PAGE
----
We had buried the dog in the teeming rain but we were now dealing with the funeral ceremony on one of those infinitely graceful autumn days for which we were the envy of the entire world. The bay that stretched out behind us, from the Spanish coast to the horizon, was like a casket of jewels that sparkled with amethysts, sapphires, turquoises, etc. Ernesto often used to walk here. I mean to say that Ernest Hemingway often used to walk here. He always said that there was no better place in the world for a writer. He was hardly exaggerating. He used to come to these parts regularly, accompanied by one of my aunts, to pick cèpes and take a siesta beneath the ancient oak and chestnut trees. That stout fellow.

Jérémie had brought along a hammer and some nails the size of a finger to put up the two crosses. The tree trunk beneath which his dog was buried seemed as hard as stone. He had asked me to leave the doors open so that we could hear some of those dismal songs that David Tibet specialized in; meanwhile the grim hammer blows echoed through the forest and the twins squelched about in the mud searching for leaves and flowers as decorations. I stood back a little, chewing on nicotine gum, pretending not to notice the flight of the crows directly above the clearing where the scene was taking place. I was longing to wander about in the brush, for I could detect a very distinct smell of fresh mushrooms. Alice adored cèpes. Tears began to streak down my cheeks, just thinking about this. As I drove off along the wrong road, I could sense Jérémie’s silent approval.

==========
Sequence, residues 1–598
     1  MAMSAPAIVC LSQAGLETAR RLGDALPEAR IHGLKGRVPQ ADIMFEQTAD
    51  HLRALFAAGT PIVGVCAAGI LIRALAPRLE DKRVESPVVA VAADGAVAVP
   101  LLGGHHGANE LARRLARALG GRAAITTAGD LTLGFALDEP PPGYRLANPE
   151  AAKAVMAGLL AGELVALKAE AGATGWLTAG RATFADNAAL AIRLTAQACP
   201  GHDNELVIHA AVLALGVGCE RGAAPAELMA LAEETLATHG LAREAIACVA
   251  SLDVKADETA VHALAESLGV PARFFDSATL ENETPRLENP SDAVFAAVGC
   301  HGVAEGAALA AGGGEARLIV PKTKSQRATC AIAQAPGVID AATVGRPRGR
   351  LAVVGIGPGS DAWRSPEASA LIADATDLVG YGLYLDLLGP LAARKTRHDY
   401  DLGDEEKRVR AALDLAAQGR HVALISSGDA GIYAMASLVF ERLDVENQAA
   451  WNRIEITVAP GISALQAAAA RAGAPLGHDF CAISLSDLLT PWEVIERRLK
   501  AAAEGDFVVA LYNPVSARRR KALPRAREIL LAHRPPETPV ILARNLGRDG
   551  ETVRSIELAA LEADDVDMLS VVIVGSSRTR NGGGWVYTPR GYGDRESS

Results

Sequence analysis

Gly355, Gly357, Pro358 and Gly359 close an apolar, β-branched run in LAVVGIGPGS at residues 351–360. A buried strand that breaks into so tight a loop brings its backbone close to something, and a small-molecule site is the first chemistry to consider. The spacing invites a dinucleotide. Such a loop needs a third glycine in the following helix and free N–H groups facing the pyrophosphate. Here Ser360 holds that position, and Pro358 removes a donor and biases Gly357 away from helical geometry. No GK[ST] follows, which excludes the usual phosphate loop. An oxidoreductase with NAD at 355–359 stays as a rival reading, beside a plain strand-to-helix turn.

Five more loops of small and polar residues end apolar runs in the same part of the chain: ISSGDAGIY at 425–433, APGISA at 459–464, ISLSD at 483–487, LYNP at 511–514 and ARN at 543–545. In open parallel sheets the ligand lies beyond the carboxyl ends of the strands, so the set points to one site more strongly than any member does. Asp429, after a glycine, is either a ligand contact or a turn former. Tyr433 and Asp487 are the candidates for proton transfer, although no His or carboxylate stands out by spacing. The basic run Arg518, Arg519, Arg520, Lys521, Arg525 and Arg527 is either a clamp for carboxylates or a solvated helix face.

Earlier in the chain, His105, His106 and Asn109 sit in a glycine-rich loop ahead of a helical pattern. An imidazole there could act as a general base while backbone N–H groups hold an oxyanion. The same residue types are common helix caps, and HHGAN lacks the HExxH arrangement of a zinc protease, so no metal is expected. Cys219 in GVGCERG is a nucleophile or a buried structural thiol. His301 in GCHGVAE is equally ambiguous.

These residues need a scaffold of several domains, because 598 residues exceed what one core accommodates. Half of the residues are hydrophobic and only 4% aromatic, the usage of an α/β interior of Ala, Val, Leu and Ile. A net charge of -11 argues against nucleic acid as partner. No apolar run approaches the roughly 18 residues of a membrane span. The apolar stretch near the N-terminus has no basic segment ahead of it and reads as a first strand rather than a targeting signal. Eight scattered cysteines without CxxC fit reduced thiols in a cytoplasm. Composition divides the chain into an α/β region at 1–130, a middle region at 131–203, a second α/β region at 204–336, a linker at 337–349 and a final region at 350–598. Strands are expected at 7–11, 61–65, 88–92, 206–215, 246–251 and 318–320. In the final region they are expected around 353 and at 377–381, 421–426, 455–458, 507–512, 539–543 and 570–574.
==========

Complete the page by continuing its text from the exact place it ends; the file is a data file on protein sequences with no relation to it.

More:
– Philippe Djian is the author of more than twenty novels and best known in the US for 37.2° le matin, which was made into the film Betty Blue.

Excerpt from Unforgivable by Philipee Djian to be published in the English Language in the US by Simon & Schuster on March 9th, 2010. Translated from the French by Euan Cameron. Originally published by Editions Gallimard in 2009